Cuba: U.S. Response to the 1994 Cuban Migration Crisis, Report to Congressional Requesters [open pdf - 228KB]
"In response to your request, we reviewed the U.S. government's actions to address the mass exodus of people from Cuba in the summer of 1994. Our objectives were to describe how U.S. policy toward those seeking to leave Cuba has changed since that time, identify the agencies and costs to the U.S. government associated with the exodus of Cubans, assess the capabilities of the U.S. Interests Section in Havana to process applicants seeking legal entry into the United States, and evaluate the adequacy of living conditions at the Cuban safe haven camps at the U.S. Naval Station, Guantanamo Bay. […] For over 30 years, fleeing Cubans had been welcomed to the United States. However, the U.S. government reversed this policy on August 19, 1994, when President Clinton announced that Cuban rafters interdicted at sea would no longer be brought to the United States. Instead, they would be taken to safe haven camps at the U.S. Naval Station, Guantanamo Bay, Cuba, with no opportunity for eventual entry into the United States other than by returning to Havana to apply for entry through legal channels at the U.S. Interests Section. On September 9, 1994, the U.S. and Cuban governments agreed that the United States would allow at least 20,000 Cubans to enter annually in exchange for Cuba's pledge to prevent further unlawful departures by rafters. On May 2, 1995, a White House announcement was released stating that Cubans interdicted at sea would not be taken to a safe haven but would be returned to Cuba where they could apply for entry into the United States at the Interests Section in Havana."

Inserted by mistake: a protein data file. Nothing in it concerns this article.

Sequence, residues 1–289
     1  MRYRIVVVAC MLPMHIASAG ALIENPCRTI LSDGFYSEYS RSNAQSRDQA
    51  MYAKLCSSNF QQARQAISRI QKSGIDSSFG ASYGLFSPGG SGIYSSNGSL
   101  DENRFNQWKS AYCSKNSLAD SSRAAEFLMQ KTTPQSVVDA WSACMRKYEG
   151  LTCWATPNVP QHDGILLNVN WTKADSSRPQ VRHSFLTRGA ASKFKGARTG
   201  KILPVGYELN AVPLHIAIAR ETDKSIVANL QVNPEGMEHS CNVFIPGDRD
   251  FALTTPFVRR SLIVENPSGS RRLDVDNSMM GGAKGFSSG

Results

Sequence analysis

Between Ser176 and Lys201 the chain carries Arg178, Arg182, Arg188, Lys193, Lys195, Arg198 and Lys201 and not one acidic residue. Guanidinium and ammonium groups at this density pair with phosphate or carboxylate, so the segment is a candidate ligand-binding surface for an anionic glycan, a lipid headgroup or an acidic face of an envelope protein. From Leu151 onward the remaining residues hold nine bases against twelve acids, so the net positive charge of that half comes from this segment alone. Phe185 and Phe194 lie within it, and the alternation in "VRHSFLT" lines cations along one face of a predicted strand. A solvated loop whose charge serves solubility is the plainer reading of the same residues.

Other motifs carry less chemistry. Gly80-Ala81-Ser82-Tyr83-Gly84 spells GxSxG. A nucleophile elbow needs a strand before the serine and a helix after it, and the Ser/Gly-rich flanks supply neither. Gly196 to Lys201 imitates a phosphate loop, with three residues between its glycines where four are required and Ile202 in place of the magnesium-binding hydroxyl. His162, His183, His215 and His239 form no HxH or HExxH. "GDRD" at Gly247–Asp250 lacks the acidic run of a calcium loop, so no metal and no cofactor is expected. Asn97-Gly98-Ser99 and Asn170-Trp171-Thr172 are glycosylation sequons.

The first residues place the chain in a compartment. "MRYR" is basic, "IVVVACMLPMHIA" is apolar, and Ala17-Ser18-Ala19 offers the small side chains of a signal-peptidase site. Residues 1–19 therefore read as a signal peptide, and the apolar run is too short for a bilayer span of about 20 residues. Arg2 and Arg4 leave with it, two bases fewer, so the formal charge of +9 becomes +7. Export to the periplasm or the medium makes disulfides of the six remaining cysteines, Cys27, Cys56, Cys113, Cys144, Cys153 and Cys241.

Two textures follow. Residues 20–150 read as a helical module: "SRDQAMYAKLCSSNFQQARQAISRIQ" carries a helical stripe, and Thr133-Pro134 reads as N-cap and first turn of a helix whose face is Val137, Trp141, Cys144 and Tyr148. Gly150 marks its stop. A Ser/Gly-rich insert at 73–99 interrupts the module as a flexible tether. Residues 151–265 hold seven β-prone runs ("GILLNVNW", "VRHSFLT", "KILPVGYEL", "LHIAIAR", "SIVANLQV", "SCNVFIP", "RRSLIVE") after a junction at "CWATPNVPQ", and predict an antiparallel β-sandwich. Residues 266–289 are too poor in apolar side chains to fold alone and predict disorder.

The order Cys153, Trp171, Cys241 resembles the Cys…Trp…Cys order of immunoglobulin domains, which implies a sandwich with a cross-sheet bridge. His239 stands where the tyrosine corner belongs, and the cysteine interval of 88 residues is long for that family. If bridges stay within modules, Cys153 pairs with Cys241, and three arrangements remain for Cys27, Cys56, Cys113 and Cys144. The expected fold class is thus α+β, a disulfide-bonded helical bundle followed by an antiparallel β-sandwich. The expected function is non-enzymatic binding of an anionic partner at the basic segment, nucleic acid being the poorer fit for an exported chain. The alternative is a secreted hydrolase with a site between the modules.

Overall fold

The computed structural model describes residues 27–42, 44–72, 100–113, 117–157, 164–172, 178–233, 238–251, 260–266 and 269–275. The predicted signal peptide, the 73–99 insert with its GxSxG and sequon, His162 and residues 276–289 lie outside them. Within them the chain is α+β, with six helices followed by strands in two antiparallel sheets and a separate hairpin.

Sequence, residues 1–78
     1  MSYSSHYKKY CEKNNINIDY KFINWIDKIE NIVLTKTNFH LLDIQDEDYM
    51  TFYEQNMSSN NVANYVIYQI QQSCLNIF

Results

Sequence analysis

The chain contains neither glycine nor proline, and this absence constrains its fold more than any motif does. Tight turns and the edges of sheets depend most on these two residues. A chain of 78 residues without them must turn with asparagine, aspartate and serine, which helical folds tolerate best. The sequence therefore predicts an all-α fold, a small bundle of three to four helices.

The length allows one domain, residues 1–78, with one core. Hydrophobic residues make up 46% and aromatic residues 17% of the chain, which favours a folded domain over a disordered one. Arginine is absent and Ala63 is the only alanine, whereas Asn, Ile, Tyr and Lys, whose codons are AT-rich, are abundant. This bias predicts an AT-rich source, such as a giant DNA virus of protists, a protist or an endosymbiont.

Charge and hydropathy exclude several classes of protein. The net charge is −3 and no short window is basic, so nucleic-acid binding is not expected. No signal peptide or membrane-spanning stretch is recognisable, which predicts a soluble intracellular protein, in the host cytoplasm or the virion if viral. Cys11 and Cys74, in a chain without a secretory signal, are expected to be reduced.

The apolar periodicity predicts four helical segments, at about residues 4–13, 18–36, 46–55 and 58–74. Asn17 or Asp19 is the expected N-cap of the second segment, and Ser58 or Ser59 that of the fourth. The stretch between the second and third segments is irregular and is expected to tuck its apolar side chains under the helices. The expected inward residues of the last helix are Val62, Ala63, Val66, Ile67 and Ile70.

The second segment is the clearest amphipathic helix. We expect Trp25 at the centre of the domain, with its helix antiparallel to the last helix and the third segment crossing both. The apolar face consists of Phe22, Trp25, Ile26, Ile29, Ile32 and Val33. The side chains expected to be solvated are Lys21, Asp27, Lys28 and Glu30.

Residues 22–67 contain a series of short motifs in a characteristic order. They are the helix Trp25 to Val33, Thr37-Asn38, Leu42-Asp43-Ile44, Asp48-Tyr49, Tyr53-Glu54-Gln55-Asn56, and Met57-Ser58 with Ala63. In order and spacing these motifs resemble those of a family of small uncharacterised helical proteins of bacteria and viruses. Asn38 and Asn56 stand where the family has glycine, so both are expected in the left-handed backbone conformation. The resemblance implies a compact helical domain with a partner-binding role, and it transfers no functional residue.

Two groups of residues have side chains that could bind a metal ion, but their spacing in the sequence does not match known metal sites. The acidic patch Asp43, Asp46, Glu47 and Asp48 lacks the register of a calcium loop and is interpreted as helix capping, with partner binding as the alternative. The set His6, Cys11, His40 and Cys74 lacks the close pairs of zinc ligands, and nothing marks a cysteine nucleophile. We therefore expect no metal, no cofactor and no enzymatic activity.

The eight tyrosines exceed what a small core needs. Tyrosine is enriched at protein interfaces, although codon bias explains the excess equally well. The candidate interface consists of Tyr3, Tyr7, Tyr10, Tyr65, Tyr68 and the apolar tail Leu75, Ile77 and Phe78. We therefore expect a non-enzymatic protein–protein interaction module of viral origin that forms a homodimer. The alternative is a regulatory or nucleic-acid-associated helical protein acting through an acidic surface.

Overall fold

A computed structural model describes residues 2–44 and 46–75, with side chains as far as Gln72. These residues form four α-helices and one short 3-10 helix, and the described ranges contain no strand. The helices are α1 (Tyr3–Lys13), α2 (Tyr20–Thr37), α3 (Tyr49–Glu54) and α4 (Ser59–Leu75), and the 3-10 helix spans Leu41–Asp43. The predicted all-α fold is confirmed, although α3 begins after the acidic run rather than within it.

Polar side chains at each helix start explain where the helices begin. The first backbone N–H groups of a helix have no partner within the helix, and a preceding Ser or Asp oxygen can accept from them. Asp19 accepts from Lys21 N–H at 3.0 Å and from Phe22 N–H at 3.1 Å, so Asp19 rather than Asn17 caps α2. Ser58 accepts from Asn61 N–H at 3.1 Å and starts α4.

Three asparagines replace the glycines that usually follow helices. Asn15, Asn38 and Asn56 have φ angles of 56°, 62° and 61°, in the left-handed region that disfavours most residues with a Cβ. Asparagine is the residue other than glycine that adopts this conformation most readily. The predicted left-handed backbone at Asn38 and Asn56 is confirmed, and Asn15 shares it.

Government Accountability Office (GAO): http://www.gao.gov/